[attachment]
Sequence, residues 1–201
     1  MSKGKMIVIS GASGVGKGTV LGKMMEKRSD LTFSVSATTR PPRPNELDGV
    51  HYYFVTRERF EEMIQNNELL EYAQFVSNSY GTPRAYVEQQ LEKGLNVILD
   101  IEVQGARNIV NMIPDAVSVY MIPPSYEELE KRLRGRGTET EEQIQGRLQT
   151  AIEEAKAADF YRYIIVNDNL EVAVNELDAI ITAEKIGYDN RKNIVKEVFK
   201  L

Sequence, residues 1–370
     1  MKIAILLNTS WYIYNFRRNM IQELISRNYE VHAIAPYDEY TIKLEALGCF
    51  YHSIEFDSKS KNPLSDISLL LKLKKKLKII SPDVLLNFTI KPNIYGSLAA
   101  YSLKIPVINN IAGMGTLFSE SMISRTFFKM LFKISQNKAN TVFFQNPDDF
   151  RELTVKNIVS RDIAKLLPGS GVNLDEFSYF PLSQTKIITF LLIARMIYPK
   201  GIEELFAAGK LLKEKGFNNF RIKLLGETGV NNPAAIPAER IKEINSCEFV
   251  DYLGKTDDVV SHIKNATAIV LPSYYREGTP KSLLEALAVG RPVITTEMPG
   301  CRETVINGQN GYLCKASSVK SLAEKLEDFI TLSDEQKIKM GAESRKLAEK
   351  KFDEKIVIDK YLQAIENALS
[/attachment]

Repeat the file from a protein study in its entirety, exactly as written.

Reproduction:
Sequence, residues 1–201
     1  MSKGKMIVIS GASGVGKGTV LGKMMEKRSD LTFSVSATTR PPRPNELDGV
    51  HYYFVTRERF EEMIQNNELL EYAQFVSNSY GTPRAYVEQQ LEKGLNVILD
   101  IEVQGARNIV NMIPDAVSVY MIPPSYEELE KRLRGRGTET EEQIQGRLQT
   151  AIEEAKAADF YRYIIVNDNL EVAVNELDAI ITAEKIGYDN RKNIVKEVFK
   201  L

Sequence, residues 1–370
     1  MKIAILLNTS WYIYNFRRNM IQELISRNYE VHAIAPYDEY TIKLEALGCF
    51  YHSIEFDSKS KNPLSDISLL LKLKKKLKII SPDVLLNFTI KPNIYGSLAA
   101  YSLKIPVINN IAGMGTLFSE SMISRTFFKM LFKISQNKAN TVFFQNPDDF
   151  RELTVKNIVS RDIAKLLPGS GVNLDEFSYF PLSQTKIITF LLIARMIYPK
   201  GIEELFAAGK LLKEKGFNNF RIKLLGETGV NNPAAIPAER IKEINSCEFV
   251  DYLGKTDDVV SHIKNATAIV LPSYYREGTP KSLLEALAVG RPVITTEMPG
   301  CRETVINGQN GYLCKASSVK SLAEKLEDFI TLSDEQKIKM GAESRKLAEK
   351  KFDEKIVIDK YLQAIENALS